Zeus in Prometheus Bound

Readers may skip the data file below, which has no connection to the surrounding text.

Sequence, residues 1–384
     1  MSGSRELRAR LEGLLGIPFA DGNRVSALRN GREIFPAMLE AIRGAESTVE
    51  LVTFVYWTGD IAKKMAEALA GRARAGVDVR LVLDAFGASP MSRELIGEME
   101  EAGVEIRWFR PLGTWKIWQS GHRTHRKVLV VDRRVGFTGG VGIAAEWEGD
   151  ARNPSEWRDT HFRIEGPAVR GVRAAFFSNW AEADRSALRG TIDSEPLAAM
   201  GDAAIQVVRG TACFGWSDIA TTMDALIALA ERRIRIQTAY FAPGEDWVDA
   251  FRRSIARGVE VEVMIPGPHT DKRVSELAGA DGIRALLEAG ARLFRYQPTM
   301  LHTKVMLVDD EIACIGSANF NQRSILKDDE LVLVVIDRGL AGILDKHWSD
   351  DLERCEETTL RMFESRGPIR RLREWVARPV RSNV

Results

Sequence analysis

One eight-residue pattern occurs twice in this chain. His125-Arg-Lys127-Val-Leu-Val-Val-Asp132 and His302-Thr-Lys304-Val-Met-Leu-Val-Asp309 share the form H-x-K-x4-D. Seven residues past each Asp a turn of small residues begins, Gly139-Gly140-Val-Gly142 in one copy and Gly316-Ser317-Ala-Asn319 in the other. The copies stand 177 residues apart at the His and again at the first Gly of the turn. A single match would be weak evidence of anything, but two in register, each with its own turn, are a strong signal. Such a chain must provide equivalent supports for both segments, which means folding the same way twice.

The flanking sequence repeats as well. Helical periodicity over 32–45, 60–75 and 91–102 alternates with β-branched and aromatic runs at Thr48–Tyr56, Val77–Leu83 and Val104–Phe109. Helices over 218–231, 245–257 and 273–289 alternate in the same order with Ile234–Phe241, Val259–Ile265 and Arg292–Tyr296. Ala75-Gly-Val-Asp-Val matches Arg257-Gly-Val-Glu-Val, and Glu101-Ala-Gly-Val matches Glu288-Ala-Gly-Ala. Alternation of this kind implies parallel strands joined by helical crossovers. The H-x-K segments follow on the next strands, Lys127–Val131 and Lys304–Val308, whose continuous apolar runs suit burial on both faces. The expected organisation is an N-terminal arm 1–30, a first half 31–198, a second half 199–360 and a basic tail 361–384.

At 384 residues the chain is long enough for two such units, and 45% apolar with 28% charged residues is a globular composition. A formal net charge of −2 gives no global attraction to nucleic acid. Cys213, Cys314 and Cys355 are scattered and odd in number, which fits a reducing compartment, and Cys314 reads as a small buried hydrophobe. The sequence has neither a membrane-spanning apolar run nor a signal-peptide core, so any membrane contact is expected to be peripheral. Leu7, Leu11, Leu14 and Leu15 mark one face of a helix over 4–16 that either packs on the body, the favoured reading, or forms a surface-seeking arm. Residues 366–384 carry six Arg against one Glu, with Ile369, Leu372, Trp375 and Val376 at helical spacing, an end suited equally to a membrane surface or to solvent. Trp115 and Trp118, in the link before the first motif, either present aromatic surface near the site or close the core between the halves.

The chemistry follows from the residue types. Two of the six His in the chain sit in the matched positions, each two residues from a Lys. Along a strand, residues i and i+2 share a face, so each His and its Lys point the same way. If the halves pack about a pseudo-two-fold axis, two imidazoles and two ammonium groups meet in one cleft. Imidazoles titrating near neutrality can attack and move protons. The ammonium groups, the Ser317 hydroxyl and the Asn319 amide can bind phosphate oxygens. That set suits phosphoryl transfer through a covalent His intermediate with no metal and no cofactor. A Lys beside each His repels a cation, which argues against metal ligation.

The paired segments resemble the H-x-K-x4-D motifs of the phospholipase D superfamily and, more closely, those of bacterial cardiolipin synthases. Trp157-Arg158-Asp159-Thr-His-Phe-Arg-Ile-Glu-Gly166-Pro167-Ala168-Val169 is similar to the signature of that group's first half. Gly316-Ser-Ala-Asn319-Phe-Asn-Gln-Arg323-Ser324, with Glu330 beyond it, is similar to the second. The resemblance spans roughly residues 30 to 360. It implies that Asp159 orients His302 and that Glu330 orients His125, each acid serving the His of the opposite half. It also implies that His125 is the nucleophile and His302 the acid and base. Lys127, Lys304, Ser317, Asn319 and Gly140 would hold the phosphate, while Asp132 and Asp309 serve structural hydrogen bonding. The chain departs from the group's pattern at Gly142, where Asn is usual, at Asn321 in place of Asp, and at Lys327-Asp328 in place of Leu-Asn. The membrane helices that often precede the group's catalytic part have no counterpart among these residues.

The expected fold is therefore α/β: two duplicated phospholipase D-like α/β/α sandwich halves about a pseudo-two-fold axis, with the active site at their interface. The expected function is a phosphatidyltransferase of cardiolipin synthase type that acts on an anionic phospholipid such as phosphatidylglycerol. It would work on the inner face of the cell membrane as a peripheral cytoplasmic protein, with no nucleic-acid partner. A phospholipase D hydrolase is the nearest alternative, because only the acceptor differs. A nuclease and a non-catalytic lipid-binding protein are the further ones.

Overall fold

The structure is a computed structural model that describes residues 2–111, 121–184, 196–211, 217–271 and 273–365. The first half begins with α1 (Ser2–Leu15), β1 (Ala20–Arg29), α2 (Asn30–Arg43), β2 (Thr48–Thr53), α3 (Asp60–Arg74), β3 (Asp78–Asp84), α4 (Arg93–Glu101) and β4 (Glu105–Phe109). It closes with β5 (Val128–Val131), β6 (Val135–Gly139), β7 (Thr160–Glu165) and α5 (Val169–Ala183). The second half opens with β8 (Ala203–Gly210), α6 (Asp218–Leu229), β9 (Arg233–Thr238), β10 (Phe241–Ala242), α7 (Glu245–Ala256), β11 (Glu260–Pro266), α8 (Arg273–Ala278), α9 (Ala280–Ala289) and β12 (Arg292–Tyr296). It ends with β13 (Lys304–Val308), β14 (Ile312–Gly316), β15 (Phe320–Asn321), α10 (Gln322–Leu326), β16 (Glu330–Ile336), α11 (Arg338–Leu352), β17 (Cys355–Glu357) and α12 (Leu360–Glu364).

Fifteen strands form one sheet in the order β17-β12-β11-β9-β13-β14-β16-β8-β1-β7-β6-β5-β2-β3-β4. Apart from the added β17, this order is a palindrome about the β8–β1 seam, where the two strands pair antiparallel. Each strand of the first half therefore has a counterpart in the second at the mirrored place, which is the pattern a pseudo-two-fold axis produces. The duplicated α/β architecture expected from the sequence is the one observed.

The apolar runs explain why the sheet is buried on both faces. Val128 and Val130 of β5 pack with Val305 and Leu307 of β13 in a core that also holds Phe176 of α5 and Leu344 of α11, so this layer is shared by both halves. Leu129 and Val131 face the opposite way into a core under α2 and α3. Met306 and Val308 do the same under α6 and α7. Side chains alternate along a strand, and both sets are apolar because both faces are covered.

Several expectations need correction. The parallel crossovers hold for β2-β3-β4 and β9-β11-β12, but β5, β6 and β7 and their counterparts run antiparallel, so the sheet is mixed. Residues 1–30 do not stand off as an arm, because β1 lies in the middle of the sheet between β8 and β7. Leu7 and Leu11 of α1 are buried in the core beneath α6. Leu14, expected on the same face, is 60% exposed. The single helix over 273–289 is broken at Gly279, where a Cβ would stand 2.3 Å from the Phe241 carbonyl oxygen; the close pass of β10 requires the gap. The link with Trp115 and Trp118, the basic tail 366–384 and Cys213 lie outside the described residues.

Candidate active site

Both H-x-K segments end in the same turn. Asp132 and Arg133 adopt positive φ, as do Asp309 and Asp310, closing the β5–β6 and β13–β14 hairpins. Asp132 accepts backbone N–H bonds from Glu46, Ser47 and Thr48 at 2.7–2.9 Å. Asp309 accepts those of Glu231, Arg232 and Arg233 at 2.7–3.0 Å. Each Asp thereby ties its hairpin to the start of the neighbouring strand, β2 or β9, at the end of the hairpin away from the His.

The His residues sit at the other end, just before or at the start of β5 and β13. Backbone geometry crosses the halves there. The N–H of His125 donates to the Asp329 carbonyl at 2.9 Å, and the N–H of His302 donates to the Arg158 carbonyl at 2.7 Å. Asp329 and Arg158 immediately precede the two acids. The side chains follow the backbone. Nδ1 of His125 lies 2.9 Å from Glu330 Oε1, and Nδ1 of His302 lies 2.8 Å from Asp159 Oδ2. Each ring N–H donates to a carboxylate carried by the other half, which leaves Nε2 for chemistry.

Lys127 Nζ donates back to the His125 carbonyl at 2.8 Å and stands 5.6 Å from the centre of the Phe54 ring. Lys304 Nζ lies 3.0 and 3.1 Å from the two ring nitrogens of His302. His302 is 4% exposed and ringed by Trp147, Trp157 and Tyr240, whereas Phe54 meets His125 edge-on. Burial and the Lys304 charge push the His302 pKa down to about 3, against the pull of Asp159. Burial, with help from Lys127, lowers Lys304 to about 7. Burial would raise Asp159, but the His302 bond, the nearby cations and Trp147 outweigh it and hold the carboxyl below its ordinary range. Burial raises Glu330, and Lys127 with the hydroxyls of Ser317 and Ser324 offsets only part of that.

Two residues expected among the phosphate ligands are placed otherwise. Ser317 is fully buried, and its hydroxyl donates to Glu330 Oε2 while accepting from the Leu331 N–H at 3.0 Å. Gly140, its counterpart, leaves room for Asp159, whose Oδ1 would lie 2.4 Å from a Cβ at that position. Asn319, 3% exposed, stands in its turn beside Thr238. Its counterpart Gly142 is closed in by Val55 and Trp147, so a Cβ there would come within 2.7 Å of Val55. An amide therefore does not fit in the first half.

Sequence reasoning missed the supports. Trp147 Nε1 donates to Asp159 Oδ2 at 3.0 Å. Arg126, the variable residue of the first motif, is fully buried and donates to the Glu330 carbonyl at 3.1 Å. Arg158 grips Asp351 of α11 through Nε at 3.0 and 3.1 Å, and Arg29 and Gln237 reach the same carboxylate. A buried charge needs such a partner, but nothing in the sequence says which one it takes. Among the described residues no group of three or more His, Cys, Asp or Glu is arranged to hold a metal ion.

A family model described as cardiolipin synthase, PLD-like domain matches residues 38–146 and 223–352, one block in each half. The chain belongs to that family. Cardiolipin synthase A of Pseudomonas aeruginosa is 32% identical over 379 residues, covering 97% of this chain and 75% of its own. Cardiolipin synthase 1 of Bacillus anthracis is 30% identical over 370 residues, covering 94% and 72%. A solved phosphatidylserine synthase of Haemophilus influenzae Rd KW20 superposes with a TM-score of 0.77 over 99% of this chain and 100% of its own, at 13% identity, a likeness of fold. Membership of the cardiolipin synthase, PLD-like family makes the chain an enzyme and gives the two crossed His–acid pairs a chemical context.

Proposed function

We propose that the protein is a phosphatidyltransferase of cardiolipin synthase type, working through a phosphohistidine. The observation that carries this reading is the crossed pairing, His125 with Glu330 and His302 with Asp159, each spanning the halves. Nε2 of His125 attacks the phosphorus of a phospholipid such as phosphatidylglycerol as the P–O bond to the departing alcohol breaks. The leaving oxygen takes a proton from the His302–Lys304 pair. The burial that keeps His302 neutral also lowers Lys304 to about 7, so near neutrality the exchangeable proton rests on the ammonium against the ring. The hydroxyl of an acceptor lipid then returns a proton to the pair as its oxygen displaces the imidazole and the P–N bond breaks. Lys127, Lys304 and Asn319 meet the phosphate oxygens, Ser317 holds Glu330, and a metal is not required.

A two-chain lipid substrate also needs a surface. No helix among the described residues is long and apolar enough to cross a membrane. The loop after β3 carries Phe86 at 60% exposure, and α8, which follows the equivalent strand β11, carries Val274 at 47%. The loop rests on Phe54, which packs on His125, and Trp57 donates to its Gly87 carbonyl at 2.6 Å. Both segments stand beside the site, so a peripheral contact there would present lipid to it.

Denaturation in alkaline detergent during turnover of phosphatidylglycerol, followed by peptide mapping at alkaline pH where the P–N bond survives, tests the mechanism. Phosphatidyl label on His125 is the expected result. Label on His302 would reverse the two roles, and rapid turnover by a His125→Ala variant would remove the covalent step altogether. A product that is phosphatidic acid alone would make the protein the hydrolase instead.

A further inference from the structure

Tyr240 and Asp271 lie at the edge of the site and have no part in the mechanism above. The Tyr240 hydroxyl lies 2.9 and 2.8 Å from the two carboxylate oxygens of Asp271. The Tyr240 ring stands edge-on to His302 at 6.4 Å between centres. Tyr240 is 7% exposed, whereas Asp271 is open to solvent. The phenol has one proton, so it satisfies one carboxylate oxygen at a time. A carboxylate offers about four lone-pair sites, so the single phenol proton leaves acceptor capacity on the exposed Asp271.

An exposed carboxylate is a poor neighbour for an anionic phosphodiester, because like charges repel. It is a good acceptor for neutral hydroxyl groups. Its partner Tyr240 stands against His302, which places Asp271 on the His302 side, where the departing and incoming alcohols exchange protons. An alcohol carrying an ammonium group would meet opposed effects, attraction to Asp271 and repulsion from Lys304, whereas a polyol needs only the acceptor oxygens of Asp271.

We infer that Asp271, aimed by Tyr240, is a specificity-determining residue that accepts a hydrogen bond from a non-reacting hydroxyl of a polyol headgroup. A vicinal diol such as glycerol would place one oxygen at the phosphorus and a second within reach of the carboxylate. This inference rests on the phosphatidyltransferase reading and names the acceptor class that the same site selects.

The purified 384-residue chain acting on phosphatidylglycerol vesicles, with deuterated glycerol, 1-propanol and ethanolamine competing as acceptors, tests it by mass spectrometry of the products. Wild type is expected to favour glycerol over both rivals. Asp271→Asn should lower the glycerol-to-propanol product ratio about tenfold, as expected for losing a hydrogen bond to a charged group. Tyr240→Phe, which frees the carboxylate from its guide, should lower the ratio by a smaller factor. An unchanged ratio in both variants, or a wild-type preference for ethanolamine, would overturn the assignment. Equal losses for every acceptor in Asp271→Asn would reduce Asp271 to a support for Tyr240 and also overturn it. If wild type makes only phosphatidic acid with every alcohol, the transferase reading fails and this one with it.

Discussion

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Aeschylus’s Prometheus Bound, takes place soon after Zeus, the seemingly ruthless king of the gods, ascended into power by defeating the Titans with the necessary assistance of Prometheus. While much of the play is about whether Zeus’s rule is just, the vicious god does not actually appear in the play. Instead, the characterization of Zeus is achieved through his relationship with the other characters. The immortal characters that appear in the play are either mindless servants of Zeus, lacking any empathy, or fearful subjects, expressing their sympathy for Prometheus’s situation. Zeus’s callous behavior is also presented through his hostility toward the human race and exemplified through the suffering of Io. At the beginning, Aeschylus represents Zeus’s governing authority with two unquestioning servants, Force and Violence. As their names suggest, the use of these pitiless and intimidating characters demonstrates Zeus’s choice method of brute force to rule. Even at the end of the play, Zeus sends Hermes not to reason with, but to threaten Prometheus to reveal the dangerous union that will lead to his downfall. Not only does this demonstrate his inclination to rule through force but it shows he believes himself above fate. However in reality, his threats further alienating the one immortal who can help him avoid his doom. These obedient immortals represent Zeus’s brutality, stubbornness toward fate, and exemplify his tyrannical method of rule. The immortals compassionate to Prometheus’s plight express their sympathies but also express their fear of Zeus’s wrath. Hephaestus, who is extremely troubled by having a hand in punishing his friend, still executes Zeus’s orders stating, “…it is a dangerous thing to treat the Father’s words lightly.” (lines 16-17). Likewise, the Oceanids and Oceanus offer their pity and help, but they also take turns trying to reason with
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